Financial services and related business services, such as insurance, accounting, legal advice and management generate nearly 11 per cent of the United Kingdom’s GDP, employ 7.3 per cent of the people working in that country, and provide a significant surplus in its foreign trade.

TheCityUK, a lobbying institution representing British financial and related services, and the Office for National Statistics, presented data for 2016.In 2016 exports of such services increased by 15.8 per cent, up to GBP95.7bn (EUR108bn). London is the most important financial center, but over half of the exported British financial services is generated outside of that city.

In 2016, the United Kingdom imported GBP4bn worth of financial services from the European Union, and exported services worth GBP27bn. The exports of other business services amounted to GBP24bn, and their imports reached GBP18bn. The surplus in the trade in financial and business services has reduced the United Kingdom’s negative foreign trade balance by GBP29bn.

Some 37 per cent of British services (including non-financial services) are sold on the market of the European Union. The EU is the recipient of 44 per cent of British financial services. The second largest recipient of British services is the United States, which account for 16 per cent of those exports. Switzerland, Japan and Australia account for 2 to 5 per cent of the British services market.

The services supplied by British insurance companies account for a significant portion of these exports. In 2016 the export of such services was worth almost GBP18bn. The export of insurance services includes the insurance of the shipping of imported or exported goods, direct insurance (e.g. aviation or maritime accident insurance), reinsurance, pension funds. The European Union is the largest recipient of services of this type.

A system of communicating vessels

The report entitled “Brexit: financial services” from December 2016, which was commissioned by the British House of the Lords, states that “the interconnectedness of the UK financial system presents serious difficulties for firms and the government in determining the impact of changes to the relationship between the EU and the UK”.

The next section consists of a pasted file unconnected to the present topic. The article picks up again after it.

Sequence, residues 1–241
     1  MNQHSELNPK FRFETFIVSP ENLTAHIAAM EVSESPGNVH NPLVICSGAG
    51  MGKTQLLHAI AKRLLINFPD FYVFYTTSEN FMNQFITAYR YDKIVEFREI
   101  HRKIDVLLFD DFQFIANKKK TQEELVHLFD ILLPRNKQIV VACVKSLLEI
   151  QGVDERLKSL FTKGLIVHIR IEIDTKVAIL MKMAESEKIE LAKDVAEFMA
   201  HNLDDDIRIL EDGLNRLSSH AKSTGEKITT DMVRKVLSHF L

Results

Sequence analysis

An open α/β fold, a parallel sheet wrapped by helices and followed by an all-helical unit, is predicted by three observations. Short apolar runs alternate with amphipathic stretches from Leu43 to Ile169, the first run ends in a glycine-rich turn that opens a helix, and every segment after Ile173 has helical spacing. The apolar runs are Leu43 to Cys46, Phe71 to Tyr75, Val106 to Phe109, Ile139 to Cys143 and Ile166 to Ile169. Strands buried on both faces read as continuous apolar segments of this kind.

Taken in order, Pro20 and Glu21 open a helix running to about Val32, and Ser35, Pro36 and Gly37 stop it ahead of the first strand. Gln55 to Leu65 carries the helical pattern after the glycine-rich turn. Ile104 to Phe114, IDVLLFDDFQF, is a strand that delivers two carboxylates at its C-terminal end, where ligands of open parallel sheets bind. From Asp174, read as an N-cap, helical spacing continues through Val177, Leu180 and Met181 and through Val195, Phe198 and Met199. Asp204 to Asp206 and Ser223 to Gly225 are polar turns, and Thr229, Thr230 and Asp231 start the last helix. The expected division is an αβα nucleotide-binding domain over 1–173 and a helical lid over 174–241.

The report cites the words of Alex Wilmot-Sitwell, the head of Bank of America Merrill Lynch’s European operations: “It is not a Lego set in which little pieces can be built up and put somewhere else. The interconnectedness is very significant and we need to be assured what happens when the UK leaves the European Union”. Other commentators compare the situation to the popular game Jenga, in which an unskillful removal of one block causes the entire tower to tumble.

According to the report by the House of Lords, the British financial system will be very difficult to relocate to the continent, due to the existing cultural differences, as well as the interconnectedness of banks. A large part of the British financial industry that will lose the European market will not be recreated in Dublin, Frankfurt or Paris, but will rather relocate to New York. This will also be disadvantageous for companies from the European Union, for instance, due to the greater distance. A simple example is that London is the main center for euro-denominated interbank clearing and settlement operations. After the Brexit referendum in June 2016, the European Central Bank tried to create such a system of settlements outside of London, and this matter was the subject of many discussions of politicians from the eurozone countries. The task turned out to be more difficult than expected, however.